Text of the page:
Author: Kristín Marja Baldursdóttir
Publisher: Amazon Crossing
Publication Date: 1 March 2022
Format: eBook - EPUB
Genre: Historical Fiction
Source: ARC via NetGalley
A portrait of an artist trapped by convention and expectations but longing for the chaos that can set her free.
Growing up on a farm in early twentieth-century rural Iceland, Karitas Jónsdóttir, one of six siblings, yearns for a new life. An artist, Karitas has a powerful calling and is determined to never let go of her true being, one unsuited for the conventional. But she is powerless against the fateful turns of real life and all its expectations of women. Pulled back time and again by design and by chance to the Icelandic countryside—as dutiful daughter, loving mother, and fisherman’s wife—she struggles to thrive, to be what she was meant to be.
Spanning decades and set against a breathtaking historical canvas, Karitas Untitled, an award-winning classic of Icelandic literature, is a complex and immersive portrait of an artist’s conflict with love, family, nature, and a country unaccustomed to an untraditional woman—but most of all, with herself and the creative instincts she has no choice but to follow.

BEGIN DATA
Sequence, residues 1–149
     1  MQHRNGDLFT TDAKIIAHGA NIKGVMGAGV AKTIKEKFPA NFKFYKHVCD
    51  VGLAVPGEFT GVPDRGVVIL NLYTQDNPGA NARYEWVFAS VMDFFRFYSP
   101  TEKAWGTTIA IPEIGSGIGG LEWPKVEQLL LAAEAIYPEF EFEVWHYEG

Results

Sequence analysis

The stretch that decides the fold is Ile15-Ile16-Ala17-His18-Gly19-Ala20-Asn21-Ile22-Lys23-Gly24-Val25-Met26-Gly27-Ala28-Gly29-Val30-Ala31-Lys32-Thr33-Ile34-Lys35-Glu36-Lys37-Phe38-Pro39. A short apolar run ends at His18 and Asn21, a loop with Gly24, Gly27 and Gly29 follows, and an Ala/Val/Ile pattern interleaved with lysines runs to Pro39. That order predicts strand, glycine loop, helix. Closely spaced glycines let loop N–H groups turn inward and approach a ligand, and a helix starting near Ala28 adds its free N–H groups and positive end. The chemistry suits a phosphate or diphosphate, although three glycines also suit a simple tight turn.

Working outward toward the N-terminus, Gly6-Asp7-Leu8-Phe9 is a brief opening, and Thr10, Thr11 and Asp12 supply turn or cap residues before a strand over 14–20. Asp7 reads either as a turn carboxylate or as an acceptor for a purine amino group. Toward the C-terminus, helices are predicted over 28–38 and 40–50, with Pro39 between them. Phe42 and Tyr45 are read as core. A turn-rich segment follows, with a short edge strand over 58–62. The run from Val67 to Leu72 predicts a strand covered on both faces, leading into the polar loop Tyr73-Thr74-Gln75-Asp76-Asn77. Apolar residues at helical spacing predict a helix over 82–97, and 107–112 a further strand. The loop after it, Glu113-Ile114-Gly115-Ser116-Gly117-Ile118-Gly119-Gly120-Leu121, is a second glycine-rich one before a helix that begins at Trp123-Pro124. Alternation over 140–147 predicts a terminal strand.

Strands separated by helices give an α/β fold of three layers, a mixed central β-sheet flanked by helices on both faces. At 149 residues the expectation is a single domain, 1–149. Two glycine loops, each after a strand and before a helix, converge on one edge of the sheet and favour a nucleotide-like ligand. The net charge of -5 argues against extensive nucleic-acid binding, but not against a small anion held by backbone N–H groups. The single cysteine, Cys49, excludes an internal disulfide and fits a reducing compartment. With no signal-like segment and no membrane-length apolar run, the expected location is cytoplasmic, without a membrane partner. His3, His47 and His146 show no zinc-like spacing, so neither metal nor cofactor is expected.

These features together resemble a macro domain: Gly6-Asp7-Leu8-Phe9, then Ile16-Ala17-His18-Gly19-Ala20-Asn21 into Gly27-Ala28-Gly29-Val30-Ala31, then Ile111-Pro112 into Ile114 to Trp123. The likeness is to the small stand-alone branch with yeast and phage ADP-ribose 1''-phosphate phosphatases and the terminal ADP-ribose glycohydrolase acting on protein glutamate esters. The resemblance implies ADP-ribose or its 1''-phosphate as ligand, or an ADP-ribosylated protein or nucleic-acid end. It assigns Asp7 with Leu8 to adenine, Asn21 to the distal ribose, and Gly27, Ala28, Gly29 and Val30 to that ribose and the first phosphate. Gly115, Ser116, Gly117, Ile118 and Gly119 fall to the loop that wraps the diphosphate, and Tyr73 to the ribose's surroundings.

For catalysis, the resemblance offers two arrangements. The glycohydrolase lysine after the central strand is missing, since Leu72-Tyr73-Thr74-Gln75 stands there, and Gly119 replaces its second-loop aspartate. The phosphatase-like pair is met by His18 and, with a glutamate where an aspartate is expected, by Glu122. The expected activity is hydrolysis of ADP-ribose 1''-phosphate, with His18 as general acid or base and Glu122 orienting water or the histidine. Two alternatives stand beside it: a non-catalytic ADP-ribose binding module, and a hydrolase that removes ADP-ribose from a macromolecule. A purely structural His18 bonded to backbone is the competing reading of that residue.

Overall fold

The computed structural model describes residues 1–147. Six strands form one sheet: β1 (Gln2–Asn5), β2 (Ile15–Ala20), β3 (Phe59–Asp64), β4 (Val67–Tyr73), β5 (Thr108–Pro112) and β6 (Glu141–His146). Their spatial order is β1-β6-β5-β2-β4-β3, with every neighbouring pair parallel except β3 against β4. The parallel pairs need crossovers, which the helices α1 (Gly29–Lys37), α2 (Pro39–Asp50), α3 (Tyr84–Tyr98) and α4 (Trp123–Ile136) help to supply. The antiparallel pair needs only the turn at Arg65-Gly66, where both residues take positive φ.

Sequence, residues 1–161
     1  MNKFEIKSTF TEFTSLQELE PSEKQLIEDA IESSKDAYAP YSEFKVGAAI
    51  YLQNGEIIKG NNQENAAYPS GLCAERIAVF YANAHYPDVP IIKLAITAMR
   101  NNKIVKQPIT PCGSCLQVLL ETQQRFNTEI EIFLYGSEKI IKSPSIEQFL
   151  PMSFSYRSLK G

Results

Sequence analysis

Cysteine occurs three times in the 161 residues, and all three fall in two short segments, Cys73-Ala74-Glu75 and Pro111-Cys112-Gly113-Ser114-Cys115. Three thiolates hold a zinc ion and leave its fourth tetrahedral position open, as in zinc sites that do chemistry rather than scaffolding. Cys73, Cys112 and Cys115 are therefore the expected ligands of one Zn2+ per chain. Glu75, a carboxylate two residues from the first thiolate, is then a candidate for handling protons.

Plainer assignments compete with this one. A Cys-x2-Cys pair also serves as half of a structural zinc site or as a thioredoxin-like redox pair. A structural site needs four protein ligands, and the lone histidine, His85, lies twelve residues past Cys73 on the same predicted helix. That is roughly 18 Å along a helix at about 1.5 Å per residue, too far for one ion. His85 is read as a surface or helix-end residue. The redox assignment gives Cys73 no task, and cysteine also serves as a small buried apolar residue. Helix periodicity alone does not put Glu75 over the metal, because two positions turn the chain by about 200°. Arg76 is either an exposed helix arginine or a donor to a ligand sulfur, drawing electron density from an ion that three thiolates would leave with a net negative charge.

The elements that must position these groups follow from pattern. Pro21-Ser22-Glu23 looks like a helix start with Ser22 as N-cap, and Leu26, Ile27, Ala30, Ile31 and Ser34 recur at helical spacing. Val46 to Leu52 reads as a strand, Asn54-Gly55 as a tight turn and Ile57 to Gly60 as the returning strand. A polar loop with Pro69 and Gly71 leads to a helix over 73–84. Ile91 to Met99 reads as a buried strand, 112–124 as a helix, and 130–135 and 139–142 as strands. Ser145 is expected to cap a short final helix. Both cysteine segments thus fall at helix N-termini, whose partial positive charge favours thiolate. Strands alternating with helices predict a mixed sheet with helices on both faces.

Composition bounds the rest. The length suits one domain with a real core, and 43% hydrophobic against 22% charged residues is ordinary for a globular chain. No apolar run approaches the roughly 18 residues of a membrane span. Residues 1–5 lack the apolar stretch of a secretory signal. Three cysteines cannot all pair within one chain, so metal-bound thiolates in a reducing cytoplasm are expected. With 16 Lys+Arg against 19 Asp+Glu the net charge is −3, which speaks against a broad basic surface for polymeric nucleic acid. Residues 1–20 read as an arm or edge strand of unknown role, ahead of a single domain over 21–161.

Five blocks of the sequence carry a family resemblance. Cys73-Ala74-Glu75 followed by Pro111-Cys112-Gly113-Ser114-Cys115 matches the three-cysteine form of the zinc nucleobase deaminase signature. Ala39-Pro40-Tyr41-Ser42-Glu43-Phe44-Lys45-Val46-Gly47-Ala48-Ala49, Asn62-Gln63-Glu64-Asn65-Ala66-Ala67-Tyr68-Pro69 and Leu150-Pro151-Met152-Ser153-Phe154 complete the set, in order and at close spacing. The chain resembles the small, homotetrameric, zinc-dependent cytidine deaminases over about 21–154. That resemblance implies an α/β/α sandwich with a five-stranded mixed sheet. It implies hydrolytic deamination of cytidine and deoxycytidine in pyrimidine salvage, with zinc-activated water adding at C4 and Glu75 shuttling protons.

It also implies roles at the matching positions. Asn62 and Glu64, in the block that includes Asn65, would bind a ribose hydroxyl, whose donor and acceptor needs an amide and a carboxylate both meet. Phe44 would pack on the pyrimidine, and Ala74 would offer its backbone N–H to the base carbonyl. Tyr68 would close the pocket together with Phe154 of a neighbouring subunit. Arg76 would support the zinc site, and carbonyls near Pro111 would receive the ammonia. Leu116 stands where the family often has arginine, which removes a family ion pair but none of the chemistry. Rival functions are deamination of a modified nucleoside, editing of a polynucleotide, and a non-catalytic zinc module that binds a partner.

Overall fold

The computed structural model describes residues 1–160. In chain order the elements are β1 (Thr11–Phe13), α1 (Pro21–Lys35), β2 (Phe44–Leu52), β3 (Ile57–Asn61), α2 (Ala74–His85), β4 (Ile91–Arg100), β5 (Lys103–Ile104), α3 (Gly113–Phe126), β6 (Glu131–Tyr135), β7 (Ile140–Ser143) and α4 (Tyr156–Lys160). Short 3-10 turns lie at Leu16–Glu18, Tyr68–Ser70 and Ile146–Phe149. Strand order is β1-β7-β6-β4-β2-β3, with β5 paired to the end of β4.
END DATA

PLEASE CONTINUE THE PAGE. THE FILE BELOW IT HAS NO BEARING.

Karitas Untitled started well. I liked the premise, and Karitas was an interesting character. The family drama was compelling, the descriptions of life in rural Iceland vivid. However, the final third of the book fell a bit flat for me. I began to lose interest in Karitas' life and struggles and found myself waiting for the end during the final 100 pages. If you are looking for family drama and a book with great depictions of rural life (such as salting herring), Karitas Untitled is worth a read, but personally, it didn't quite live up to my expectations and its early promise. I believe there is a second volume in this series, of which I assume an English translation will be released in due course, but I don't see myself rushing out to buy it. This was, overall all, a middle-of the-road read for me, and I will give it 3 stars. While I was fully immersed all the way through, the descriptive writing was beautiful.
I received this book as a free eBook ARC via NetGalley in exchange for an honest review.